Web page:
- Year Published: 1870
- Language: English
- Country of Origin: France
- Source: Verne, J. (1870). Twenty Thousand Leagues Under the Sea. (F. P. Walter, Trans.). Paris, France: Hetzel.
- Flesch–Kincaid Level: 6.5
- Word Count: 2,494
Verne, J. (1870). Part 1, Chapter 12: Everything Through Electricity. Twenty Thousand Leagues Under the Sea (Lit2Go Edition). Retrieved February 10, 2016, from
Verne, Jules. "Part 1, Chapter 12: Everything Through Electricity." Twenty Thousand Leagues Under the Sea. Lit2Go Edition. 1870. Web. <>. February 10, 2016.
Jules Verne, "Part 1, Chapter 12: Everything Through Electricity," Twenty Thousand Leagues Under the Sea, Lit2Go Edition, (1870), accessed February 10, 2016,.
"Sir" Captain Nemo said, showing me the instruments hanging on the walls of his stateroom, "these are the devices needed to navigate the Nautilus. Here, as in the lounge, I always have them before my eyes, and they indicate my position and exact heading in the midst of the ocean. You're familiar with some of them, such as the thermometer, which gives the temperature inside the Nautilus; the barometer, which measures the heaviness of the outside air and forecasts changes in the weather; the humidistat, which indicates the degree of dryness in the atmosphere; the storm glass, whose mixture decomposes to foretell the arrival of tempests; the compass, which steers my course; the sextant, which takes the sun's altitude and tells me my latitude; chronometers, which allow me to calculate my longitude; and finally, spyglasses for both day and night, enabling me to scrutinize every point of the horizon once the Nautilus has risen to the surface of the waves."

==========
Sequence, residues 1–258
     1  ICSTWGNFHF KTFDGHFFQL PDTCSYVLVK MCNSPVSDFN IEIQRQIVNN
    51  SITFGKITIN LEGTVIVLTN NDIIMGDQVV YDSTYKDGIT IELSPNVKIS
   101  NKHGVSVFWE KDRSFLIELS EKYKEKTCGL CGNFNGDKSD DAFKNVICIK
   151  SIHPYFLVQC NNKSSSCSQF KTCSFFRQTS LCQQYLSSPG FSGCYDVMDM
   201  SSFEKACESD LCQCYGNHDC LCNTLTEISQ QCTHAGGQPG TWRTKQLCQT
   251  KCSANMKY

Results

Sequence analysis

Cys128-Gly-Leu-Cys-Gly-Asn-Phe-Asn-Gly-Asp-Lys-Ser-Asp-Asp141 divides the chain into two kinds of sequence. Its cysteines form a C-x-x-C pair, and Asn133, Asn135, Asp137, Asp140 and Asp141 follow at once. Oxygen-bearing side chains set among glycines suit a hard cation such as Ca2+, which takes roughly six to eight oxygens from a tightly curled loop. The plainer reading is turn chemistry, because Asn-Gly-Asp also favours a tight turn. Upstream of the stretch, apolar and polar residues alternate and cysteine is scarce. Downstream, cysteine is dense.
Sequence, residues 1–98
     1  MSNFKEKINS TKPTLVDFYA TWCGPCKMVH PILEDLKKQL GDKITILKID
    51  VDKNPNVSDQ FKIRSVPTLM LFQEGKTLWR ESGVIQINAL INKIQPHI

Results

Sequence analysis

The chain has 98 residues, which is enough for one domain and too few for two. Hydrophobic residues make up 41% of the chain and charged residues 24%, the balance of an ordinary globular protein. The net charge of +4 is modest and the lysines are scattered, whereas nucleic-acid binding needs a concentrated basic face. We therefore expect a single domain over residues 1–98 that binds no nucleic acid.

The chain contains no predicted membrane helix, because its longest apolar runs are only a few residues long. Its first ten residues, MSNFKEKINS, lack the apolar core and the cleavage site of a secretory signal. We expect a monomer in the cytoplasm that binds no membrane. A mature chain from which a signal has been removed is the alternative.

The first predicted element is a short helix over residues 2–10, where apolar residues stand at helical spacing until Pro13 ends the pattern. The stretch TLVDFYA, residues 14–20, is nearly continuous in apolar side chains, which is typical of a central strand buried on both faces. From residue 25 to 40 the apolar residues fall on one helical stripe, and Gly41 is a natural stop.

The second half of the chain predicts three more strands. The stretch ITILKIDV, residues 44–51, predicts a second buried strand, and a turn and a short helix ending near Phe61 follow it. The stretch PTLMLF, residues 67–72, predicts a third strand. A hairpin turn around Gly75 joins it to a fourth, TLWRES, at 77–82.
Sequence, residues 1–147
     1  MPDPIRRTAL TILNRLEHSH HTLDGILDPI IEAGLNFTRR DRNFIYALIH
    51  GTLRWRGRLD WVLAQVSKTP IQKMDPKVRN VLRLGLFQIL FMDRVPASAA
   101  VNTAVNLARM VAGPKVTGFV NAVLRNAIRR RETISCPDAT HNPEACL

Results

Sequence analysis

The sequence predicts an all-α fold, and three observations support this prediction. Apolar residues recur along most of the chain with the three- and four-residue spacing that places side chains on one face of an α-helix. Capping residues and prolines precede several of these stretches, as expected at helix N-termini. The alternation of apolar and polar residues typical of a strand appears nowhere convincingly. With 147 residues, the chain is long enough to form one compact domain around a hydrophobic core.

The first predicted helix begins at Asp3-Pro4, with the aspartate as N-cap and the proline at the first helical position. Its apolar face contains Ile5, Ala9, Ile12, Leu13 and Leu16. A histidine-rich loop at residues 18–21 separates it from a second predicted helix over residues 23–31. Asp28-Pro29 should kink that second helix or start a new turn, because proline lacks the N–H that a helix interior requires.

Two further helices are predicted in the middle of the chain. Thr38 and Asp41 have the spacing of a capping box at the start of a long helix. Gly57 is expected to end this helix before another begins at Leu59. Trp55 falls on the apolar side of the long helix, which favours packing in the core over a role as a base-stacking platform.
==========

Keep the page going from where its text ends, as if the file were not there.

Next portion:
"These are the normal navigational instruments," I replied, "and I'm familiar with their uses. But no doubt these others answer pressing needs unique to the Nautilus. That dial I see there, with the needle moving across it—isn't it a pressure gauge?"
"It is indeed a pressure gauge. It's placed in contact with the water, and it indicates the outside pressure on our hull, which in turn gives me the depth at which my submersible is sitting."
"And these are some new breed of sounding line?"
"They're thermometric sounding lines that report water temperatures in the different strata."
"And these other instruments, whose functions I can't even guess?"
"Here, professor, I need to give you some background information," Captain Nemo said. "So kindly hear me out."
He fell silent for some moments, then he said:
"There's a powerful, obedient, swift, and effortless force that can be bent to any use and which reigns supreme aboard my vessel. It does everything. It lights me, it warms me, it's the soul of my mechanical equipment. This force is electricity."
"Electricity!" I exclaimed in some surprise.